Report: Poorest US families would lose federal benefits worth more than 30% of income under AHCA

Kelly Gooch - Print  | 

The American Health Care Act would be a great benefit to the nation's richest families, but a great disadvantage to the average poor family, according to a report by the Urban Institute and the Urban-Brookings Tax Policy Center.

Under the plan, the average family earning less than $10,000 annually in 2022 would give up federal benefits worth $1,420, according to the report. Researchers said that's more than 30 percent of the family's income.

However, the average family earning more than $200,000 annually in 2022 would receive a tax break worth $5,640, according to the report. Researchers said that's an increase of 1.1 percent of the family's income. Overall, the study found more than 70 percent of the tax reductions in 2022 will go to families with an annual income of more than $200,000 and 46.2 percent will go to those with incomes that exceed $1 million.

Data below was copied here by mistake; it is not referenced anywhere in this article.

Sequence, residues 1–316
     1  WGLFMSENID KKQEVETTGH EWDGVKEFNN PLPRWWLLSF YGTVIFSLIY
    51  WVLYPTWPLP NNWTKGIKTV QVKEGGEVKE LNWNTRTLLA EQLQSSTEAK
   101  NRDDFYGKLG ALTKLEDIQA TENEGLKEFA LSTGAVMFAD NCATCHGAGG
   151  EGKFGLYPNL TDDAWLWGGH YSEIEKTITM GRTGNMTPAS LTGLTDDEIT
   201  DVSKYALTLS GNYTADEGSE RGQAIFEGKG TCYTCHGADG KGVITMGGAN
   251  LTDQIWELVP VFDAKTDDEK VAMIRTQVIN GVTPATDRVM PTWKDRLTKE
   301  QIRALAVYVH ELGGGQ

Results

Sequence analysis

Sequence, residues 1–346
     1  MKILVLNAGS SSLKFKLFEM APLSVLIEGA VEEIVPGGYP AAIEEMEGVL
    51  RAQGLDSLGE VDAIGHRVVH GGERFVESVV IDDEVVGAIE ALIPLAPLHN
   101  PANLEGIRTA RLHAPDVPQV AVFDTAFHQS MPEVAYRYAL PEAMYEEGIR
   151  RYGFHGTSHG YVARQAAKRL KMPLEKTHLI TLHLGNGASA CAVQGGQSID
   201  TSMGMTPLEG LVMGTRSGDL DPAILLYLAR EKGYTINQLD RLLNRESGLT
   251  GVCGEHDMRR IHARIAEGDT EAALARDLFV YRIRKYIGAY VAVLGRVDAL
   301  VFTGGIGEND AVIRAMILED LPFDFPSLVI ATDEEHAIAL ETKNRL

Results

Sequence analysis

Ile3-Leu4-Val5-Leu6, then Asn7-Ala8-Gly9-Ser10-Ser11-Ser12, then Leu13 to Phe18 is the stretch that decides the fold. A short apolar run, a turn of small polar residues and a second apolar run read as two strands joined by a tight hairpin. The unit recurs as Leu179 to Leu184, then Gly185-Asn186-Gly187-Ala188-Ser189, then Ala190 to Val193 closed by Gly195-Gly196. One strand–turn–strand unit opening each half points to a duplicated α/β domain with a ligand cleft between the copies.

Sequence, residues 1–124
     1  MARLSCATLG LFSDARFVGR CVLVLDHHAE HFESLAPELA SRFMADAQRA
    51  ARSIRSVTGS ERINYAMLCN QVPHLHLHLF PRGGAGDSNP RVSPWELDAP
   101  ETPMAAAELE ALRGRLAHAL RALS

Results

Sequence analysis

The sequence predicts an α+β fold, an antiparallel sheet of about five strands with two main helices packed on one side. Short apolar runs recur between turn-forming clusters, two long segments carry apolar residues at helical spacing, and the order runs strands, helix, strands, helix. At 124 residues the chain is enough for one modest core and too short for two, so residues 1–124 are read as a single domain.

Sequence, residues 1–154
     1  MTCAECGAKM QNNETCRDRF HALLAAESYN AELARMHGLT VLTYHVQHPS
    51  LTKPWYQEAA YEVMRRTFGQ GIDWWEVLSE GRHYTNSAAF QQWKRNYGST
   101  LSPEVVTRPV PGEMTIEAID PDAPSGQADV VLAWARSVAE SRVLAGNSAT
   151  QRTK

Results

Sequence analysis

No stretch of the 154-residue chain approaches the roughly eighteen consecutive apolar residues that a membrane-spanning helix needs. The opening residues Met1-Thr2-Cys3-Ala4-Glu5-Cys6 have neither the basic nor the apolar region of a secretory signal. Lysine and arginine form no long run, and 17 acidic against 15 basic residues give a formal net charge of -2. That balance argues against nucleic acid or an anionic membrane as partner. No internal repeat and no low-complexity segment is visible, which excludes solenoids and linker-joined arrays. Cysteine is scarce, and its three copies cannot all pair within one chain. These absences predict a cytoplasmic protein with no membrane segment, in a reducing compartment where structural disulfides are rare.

"Using a measure of family income as a percent age of the federal poverty level, families with income below 200 percent of FPL would experience net tax and benefit losses and families with income above 300 percent of FPL would experience net gains under the AHCA," the report's authors added. "The greatest net gains would go to families with income exceeding 600 percent of the FPL."

Researchers put the report together based on estimates of federal Medicaid spending, AHCA tax credits, ACA premium tax credits and ACA cost-sharing reductions, among other factors. The report did not include changes to the AHCA unveiled earlier this week, particularly more funding for the age-based tax credits, notes The Washington Post.

 

 

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